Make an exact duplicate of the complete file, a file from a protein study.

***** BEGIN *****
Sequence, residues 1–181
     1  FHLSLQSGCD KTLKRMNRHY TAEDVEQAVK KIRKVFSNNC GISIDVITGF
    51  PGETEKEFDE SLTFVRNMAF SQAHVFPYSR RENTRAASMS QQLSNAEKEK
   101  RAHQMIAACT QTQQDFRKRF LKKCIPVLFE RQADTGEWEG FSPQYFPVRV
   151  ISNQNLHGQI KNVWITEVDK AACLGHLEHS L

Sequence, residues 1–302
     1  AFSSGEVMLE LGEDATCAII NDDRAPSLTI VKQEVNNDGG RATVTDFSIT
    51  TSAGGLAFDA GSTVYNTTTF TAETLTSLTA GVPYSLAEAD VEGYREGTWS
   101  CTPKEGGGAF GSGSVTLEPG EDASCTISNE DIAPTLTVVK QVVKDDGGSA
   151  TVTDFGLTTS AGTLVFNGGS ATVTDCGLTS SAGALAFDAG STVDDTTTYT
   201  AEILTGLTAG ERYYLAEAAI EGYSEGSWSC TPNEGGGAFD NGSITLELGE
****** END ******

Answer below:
Sequence, residues 1–181
     1  FHLSLQSGCD KTLKRMNRHY TAEDVEQAVK KIRKVFSNNC GISIDVITGF
    51  PGETEKEFDE SLTFVRNMAF SQAHVFPYSR RENTRAASMS QQLSNAEKEK
   101  RAHQMIAACT QTQQDFRKRF LKKCIPVLFE RQADTGEWEG FSPQYFPVRV
   151  ISNQNLHGQI KNVWITEVDK AACLGHLEHS L

Sequence, residues 1–302
     1  AFSSGEVMLE LGEDATCAII NDDRAPSLTI VKQEVNNDGG RATVTDFSIT
    51  TSAGGLAFDA GSTVYNTTTF TAETLTSLTA GVPYSLAEAD VEGYREGTWS
   101  CTPKEGGGAF GSGSVTLEPG EDASCTISNE DIAPTLTVVK QVVKDDGGSA
   151  TVTDFGLTTS AGTLVFNGGS ATVTDCGLTS SAGALAFDAG STVDDTTTYT
   201  AEILTGLTAG ERYYLAEAAI EGYSEGSWSC TPNEGGGAFD NGSITLELGE